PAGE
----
Process increases viability of biofuels from plant waste

A new process developed on the US could make it more economical to produce biofuels from plant waste, an advance that could eventually reduce reliance on fossil fuels.

plant waste
Image by Andrew Martin from Pixabay

The approach is said to feature an ammonia-salt based solvent that rapidly turns plant fibres into sugars needed to make ethanol. Unlike conventional processes, the new method works well at close to room temperature, according to a Rutgers-led study in the journal Green Chemistry.

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"Our pre-treatment system can slash - by up to 50-fold - the use of enzymes to turn solvent-treated cellulose into glucose used to make bioproducts like ethanol," said lead author Shishir P. S. Chundawat, an assistant professor in the Department of Chemical and Biochemical Engineering in the School of Engineering at Rutgers University-New Brunswick in New Jersey. "Similar processes could greatly reduce the cost of producing biofuels from waste biomass like corn stalks and leaves."

The solvent can also extract more than 80 per cent of the lignin in plant waste. Lignin, which binds to and fortifies plant fibres, could be used to help upgrade valuable aromatic chemicals in the future, according to Chundawat.

The research benefited from collaborative efforts and access to a Bio-SANS (Biological Small-Angle Neutron Scattering Instrument) instrument at Oak Ridge National Laboratory, Tennessee, for analysis of how complex biological systems like plant waste respond during processing to better understand how cellulose is dissolved at a molecular level.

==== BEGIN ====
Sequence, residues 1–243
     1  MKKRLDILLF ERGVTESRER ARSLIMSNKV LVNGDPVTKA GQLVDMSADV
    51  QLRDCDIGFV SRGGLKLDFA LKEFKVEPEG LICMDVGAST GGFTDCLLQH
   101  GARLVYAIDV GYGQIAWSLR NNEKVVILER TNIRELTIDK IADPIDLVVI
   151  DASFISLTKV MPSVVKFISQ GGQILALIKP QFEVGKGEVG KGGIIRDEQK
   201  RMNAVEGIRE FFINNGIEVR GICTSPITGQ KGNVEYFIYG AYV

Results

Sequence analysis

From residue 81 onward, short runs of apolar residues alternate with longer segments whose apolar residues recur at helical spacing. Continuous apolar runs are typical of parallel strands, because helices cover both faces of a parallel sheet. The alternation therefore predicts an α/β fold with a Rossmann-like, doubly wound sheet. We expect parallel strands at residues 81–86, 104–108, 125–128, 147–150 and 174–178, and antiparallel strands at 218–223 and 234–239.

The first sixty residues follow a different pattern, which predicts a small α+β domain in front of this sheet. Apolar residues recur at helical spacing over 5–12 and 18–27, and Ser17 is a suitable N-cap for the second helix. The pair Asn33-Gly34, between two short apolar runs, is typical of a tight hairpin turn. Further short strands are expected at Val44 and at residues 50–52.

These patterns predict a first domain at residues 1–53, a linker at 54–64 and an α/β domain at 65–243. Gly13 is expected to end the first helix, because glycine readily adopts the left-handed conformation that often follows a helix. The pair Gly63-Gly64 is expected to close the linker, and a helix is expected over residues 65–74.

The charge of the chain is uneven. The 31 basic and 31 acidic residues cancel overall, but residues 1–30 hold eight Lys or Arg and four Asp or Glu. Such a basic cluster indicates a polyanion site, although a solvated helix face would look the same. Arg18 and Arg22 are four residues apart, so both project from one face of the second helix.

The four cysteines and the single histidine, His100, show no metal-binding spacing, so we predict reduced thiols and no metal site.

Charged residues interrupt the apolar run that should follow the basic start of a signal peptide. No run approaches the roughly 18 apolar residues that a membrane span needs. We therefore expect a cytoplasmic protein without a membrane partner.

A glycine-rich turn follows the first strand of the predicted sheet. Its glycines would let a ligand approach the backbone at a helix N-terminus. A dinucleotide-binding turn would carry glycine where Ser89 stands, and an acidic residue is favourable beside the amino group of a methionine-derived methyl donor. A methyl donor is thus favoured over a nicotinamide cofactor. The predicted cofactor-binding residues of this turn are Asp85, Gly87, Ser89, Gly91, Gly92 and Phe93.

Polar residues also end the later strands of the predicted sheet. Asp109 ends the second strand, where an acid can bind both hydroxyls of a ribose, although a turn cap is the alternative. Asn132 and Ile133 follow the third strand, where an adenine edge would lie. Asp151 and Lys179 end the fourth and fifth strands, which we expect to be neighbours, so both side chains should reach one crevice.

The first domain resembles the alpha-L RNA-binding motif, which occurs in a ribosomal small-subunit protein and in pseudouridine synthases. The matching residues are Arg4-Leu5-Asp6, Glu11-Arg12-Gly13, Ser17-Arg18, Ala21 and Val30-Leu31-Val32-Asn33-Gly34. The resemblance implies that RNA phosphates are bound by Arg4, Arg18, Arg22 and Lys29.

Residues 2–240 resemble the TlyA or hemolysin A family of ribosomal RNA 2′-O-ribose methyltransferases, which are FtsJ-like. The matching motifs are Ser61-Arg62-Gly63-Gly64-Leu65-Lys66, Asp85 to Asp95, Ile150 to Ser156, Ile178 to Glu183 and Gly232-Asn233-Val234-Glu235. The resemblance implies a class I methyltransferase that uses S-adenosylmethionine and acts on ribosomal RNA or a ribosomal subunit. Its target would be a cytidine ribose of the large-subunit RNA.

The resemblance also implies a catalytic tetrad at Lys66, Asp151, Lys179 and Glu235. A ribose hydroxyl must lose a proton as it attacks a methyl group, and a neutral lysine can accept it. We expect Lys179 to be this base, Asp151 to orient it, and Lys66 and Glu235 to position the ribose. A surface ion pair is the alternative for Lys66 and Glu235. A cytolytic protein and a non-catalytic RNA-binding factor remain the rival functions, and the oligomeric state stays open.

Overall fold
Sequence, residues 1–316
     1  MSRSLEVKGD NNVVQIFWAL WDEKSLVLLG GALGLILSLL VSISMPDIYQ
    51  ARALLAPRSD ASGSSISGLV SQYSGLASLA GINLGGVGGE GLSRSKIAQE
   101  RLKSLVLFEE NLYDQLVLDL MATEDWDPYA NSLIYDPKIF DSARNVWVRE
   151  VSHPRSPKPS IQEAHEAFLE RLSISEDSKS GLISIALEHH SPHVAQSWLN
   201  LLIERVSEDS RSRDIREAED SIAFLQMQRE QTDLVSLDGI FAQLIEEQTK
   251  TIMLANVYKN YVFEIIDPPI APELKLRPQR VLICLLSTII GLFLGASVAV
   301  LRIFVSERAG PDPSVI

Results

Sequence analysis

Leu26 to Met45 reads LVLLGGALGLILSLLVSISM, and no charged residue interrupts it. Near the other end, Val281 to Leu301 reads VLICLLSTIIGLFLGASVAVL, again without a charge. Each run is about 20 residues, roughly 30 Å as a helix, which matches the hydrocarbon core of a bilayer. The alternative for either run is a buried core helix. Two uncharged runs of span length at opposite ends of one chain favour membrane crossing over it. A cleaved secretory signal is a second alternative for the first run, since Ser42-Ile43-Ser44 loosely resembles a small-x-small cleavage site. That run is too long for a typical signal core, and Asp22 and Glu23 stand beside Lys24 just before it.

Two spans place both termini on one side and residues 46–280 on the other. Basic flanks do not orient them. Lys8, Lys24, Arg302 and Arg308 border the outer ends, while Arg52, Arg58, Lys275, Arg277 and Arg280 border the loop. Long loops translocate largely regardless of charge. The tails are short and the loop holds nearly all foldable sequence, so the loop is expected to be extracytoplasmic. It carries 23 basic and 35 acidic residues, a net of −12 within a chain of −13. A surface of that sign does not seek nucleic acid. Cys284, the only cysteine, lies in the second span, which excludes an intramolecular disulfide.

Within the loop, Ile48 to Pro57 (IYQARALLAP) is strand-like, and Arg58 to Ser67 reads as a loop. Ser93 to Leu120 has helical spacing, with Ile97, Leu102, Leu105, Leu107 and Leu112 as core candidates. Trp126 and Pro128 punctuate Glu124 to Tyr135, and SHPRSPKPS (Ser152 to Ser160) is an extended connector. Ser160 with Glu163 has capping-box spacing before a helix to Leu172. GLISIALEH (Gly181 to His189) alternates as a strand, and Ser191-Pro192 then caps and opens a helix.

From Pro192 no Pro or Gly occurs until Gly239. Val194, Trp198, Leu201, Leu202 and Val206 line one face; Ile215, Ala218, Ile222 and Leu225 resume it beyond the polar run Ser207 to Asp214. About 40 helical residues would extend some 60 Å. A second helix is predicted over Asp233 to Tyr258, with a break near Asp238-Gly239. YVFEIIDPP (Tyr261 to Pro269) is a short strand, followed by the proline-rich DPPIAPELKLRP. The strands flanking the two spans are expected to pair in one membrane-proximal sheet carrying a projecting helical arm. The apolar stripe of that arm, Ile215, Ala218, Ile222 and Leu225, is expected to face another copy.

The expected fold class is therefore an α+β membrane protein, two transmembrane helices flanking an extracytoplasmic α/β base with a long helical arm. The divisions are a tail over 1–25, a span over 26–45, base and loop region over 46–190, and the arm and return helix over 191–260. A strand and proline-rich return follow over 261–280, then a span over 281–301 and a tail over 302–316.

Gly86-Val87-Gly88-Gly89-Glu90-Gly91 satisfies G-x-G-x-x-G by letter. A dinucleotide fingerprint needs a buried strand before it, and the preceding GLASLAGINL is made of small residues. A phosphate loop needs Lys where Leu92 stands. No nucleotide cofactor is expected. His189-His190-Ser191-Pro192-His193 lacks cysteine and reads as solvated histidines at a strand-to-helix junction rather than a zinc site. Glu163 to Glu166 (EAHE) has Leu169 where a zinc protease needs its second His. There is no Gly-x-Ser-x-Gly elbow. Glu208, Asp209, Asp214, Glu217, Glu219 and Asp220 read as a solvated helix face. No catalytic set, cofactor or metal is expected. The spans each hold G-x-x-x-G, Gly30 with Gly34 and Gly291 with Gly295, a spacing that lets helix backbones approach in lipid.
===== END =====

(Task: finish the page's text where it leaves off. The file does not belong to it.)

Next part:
Corn (maize) stalks, leaves and other residue (corn stover) and switchgrass, for example, have tightly packed cellulose microfibrils, which are tiny strands thinner than fibres. Microfibrils are difficult to break down using enzymes or microbes, making it hard to turn many plant-based materials in biomass into biofuels or biochemicals.

Speeding up the conversion of cellulose into sugars like glucose with enzymes requires suitable solvents or heat- and/or chemical-based pre-treatments. According to Rutgers, several solvents that can break down cellulose fibres have been explored, but many are costly or require extreme ranges of operating pressures or temperatures to be effective.

The ammonia-salt based solvent system quickens the conversion of cellulose into sugars using enzymes. It can greatly reduce the cost of biofuels production because enzymes can account for about 15 per cent to 20 per cent of the cost of making biofuels like ethanol from biomass.

Next steps will be to optimise the pre-treatment process for biomass like corn stover, municipal solid wastes and bioenergy crops like switchgrass and poplar that could be turned into fuels, while also developing more robust enzymes to further reduce costs, according to Chundawat.